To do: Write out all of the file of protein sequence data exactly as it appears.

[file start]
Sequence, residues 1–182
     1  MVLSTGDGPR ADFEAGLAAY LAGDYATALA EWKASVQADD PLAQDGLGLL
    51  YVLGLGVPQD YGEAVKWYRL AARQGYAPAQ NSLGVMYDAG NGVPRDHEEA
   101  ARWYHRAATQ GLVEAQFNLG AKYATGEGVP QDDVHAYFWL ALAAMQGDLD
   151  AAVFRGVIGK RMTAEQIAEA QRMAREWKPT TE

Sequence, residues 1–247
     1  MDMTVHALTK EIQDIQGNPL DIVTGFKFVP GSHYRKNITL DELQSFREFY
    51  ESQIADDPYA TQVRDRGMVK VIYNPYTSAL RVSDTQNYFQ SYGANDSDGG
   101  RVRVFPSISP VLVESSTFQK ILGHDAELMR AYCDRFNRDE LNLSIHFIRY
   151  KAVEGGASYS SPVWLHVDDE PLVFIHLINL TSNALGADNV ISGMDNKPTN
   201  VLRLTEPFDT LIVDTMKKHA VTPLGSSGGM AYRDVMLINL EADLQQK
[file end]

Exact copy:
Sequence, residues 1–182
     1  MVLSTGDGPR ADFEAGLAAY LAGDYATALA EWKASVQADD PLAQDGLGLL
    51  YVLGLGVPQD YGEAVKWYRL AARQGYAPAQ NSLGVMYDAG NGVPRDHEEA
   101  ARWYHRAATQ GLVEAQFNLG AKYATGEGVP QDDVHAYFWL ALAAMQGDLD
   151  AAVFRGVIGK RMTAEQIAEA QRMAREWKPT TE

Sequence, residues 1–247
     1  MDMTVHALTK EIQDIQGNPL DIVTGFKFVP GSHYRKNITL DELQSFREFY
    51  ESQIADDPYA TQVRDRGMVK VIYNPYTSAL RVSDTQNYFQ SYGANDSDGG
   101  RVRVFPSISP VLVESSTFQK ILGHDAELMR AYCDRFNRDE LNLSIHFIRY
   151  KAVEGGASYS SPVWLHVDDE PLVFIHLINL TSNALGADNV ISGMDNKPTN
   201  VLRLTEPFDT LIVDTMKKHA VTPLGSSGGM AYRDVMLINL EADLQQK